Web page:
I ran through the dilapidated ruins of St. Louis with the explosive drive core of a downed alien gunship in my two hands, trying my best to avoid the oncoming fire of the enemy Chimera while a new found ally with a goofy Midwestern drawl provided me with cover fire. The rain pounded down as a massive four-legged behemoth dubbed a “Widowmaker” trampled its way through the city remnants overhead. I played “Resistance 3,” and it was awesome.
The “Resistance” franchise has had a rocky history with gamers, always coming up short when held up to its contemporaries. “Resistance: Fall of Man” was a launch title for the Playstation 3 that was quickly made inadequate by more impressive games like “Gears of War” and “Bioshock.” “Resistance 2” made great strides forward for the franchise in both narrative and gameplay, but failed to live up to the acclaim of its console competitor “Killzone 2.” Luckily for developer Insomniac, however, “Resistance 3” is the best installment in the series yet.
“Resistance 3” puts players in control of new series protagonist Joseph Capelli, a soldier-turned-family-man who lives in a subterranean settlement with fellow survivals of the alien Chimera, who have all but decimated humanity.
But when a mysterious wormhole appears over New York City that begins drastically lowering the temperature of the entire planet and a scientist named Dr. Malikov claims to have the solution, Joe is reluctantly tasked with escorting Malikov up an exceedingly hostile East coast, leaving his wife and son behind in hopes of providing a better world for his child.
Joe’s connection with his family is the driving force of the narrative and provides “Resistance 3” with something none of its predecessors had: heart. Experiencing Capelli’s connection to his family first hand makes every one of his triumphs and failures along his journey all the more pungent. By the time I found myself in the last act of the game I didn’t know whether Capelli would succeed or not; I knew only that I wanted him to with every bone in my joystick-pedaling hands.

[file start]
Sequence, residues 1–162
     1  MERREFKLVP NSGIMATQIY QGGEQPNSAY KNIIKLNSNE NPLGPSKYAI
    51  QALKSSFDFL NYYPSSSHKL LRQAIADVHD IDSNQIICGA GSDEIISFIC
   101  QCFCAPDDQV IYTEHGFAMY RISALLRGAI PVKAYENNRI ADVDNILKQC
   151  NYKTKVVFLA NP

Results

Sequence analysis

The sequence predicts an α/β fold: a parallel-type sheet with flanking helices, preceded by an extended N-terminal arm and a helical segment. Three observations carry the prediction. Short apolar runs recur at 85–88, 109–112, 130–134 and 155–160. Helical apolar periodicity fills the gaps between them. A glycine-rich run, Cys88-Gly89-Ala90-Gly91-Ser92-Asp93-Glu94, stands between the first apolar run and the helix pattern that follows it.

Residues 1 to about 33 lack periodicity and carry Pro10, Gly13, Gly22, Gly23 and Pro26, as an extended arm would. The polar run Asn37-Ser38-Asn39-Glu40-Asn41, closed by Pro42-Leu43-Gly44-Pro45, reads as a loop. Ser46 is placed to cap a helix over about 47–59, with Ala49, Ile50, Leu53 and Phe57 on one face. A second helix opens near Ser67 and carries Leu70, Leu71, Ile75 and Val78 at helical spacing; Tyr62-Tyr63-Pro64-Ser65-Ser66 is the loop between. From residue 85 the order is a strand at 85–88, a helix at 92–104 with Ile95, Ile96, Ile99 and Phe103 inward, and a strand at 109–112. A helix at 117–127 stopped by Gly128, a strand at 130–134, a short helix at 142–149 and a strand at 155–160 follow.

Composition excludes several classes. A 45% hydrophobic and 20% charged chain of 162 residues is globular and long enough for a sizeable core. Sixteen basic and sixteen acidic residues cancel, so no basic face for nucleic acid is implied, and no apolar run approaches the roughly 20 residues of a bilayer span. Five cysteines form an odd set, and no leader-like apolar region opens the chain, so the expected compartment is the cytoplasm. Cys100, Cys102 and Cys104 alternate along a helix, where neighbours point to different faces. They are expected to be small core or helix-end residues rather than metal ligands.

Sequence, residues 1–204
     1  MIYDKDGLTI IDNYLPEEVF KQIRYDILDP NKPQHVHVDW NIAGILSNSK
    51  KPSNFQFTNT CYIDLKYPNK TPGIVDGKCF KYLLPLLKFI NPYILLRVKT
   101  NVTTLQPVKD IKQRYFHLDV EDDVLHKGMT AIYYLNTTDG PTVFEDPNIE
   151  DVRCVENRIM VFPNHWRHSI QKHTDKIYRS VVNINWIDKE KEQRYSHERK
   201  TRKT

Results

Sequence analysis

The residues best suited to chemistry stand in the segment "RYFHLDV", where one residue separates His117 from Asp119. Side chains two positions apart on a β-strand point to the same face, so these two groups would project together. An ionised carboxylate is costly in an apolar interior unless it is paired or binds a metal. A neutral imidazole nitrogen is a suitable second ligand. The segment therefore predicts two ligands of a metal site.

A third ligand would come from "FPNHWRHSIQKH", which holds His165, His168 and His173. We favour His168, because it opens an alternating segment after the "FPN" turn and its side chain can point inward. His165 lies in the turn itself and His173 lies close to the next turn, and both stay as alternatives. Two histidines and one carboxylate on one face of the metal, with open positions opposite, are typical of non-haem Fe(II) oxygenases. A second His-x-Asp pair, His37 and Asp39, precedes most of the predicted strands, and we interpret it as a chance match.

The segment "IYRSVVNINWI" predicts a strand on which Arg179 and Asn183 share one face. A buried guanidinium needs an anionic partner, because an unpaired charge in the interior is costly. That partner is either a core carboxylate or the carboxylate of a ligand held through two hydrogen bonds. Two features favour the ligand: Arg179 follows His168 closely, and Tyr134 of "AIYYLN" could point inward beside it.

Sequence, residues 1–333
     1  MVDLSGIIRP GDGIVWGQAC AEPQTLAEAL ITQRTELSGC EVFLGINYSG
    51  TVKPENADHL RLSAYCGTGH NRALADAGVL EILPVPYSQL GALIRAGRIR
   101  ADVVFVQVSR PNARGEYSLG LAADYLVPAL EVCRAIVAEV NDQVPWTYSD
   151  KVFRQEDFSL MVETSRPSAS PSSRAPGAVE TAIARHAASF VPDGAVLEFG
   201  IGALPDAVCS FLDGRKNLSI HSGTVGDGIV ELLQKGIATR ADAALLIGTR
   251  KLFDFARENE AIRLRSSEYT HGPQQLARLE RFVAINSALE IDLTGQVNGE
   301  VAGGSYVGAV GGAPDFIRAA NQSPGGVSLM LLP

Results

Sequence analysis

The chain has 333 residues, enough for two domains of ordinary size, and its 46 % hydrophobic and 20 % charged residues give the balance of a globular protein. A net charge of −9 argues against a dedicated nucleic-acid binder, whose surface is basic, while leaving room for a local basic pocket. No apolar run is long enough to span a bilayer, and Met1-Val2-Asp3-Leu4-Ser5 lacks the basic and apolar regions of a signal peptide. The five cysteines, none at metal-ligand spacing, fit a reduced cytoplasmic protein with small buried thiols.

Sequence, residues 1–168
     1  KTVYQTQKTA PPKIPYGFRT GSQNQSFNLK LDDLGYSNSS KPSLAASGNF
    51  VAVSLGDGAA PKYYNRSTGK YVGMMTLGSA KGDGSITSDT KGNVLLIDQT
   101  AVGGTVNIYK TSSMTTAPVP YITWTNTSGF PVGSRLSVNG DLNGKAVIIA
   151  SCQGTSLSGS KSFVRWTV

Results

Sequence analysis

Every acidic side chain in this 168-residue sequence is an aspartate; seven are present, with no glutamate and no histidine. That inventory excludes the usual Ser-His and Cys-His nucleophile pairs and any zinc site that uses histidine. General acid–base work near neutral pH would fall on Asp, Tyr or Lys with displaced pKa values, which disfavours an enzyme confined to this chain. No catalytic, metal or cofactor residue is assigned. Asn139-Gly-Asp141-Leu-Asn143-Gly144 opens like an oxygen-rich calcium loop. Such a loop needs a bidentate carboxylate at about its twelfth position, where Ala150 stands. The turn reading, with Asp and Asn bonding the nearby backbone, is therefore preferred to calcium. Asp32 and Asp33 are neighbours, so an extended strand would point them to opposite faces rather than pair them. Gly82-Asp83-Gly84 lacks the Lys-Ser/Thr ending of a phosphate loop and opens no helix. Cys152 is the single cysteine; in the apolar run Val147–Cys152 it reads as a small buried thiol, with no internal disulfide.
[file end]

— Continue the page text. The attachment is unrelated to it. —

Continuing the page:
Another facet of “Resistance 3” that helps to cement the relationship between the player and Capelli is the use of health packs, a gameplay decision I initially found myself cursing. In the age of regenerating health meters, games that make use of health packs are few and far between. But what I initially found as a disruption to the flow and narrative of the game I soon found better put me in the shoes of Joseph Capelli, who began to feel less like a nearly invincible, rejuvenating shield that put a healthy distance between me and the artificial antagonists of the game, and more like a real character, desperately trying to survive in hostile conditions, frantically fighting and searching to make every ounce of health count.
Much of the gameplay in “Resistance 3” has been seen elsewhere. Players have guns and plenty of monsters to shoot them at.
However, the “Resistance” franchise gets very imaginative with its weaponry. Old favorites like the Bullseye (which tags enemies with a homing beacon, eliminating the need to aim) and the Auger (which can shoot through walls) are back, but there are a fair share of new weapons that spice things up.
The Mutilator causes enemies to swell with grotesque deformations and the Atomizer can fire grenades that create miniature worm holes that vaporize any attackers unlucky enough to be sucked in.
“Resistance 3” also offers a fair share of diversity in its campaign. Riding down the Mississippi River, beating assailants with a sledgehammer in a gladiator-style prison fight and battling it out with a subterranean kraken in a boss fight that masterfully pays homage to “Jaws” are just a few occurrences that keep the game fresh and exciting throughout.
That being said, “Resistance 3” has its faults, though they are far overshadowed by its triumphs. Many of the set pieces and sequences in “Resistance 3” can be found elsewhere. A level set on a moving train was exciting, but ultimately served as a reminder of how much more exciting the same type of level was in “Uncharted 2,” and while creeping through a deserted town full of emaciated monsters was no walk in the park, it was a breath of fresh air compared to some sequences in the “Dead Space” franchise.
But when “Resistance 3” is at its best players will feel completely immersed in Capelli’s story, something that is extremely commendable, particularly in a franchise previously known for stale characters and bland narratives.
“Resistance 3” is a terrific game and while the series may once again become overshadowed by the blockbuster titles coming out later this fall, Joseph Capelli’s trip up the East coast of a disheveled and broken America shouldn’t be missed.
Image courtesy of deviantart.com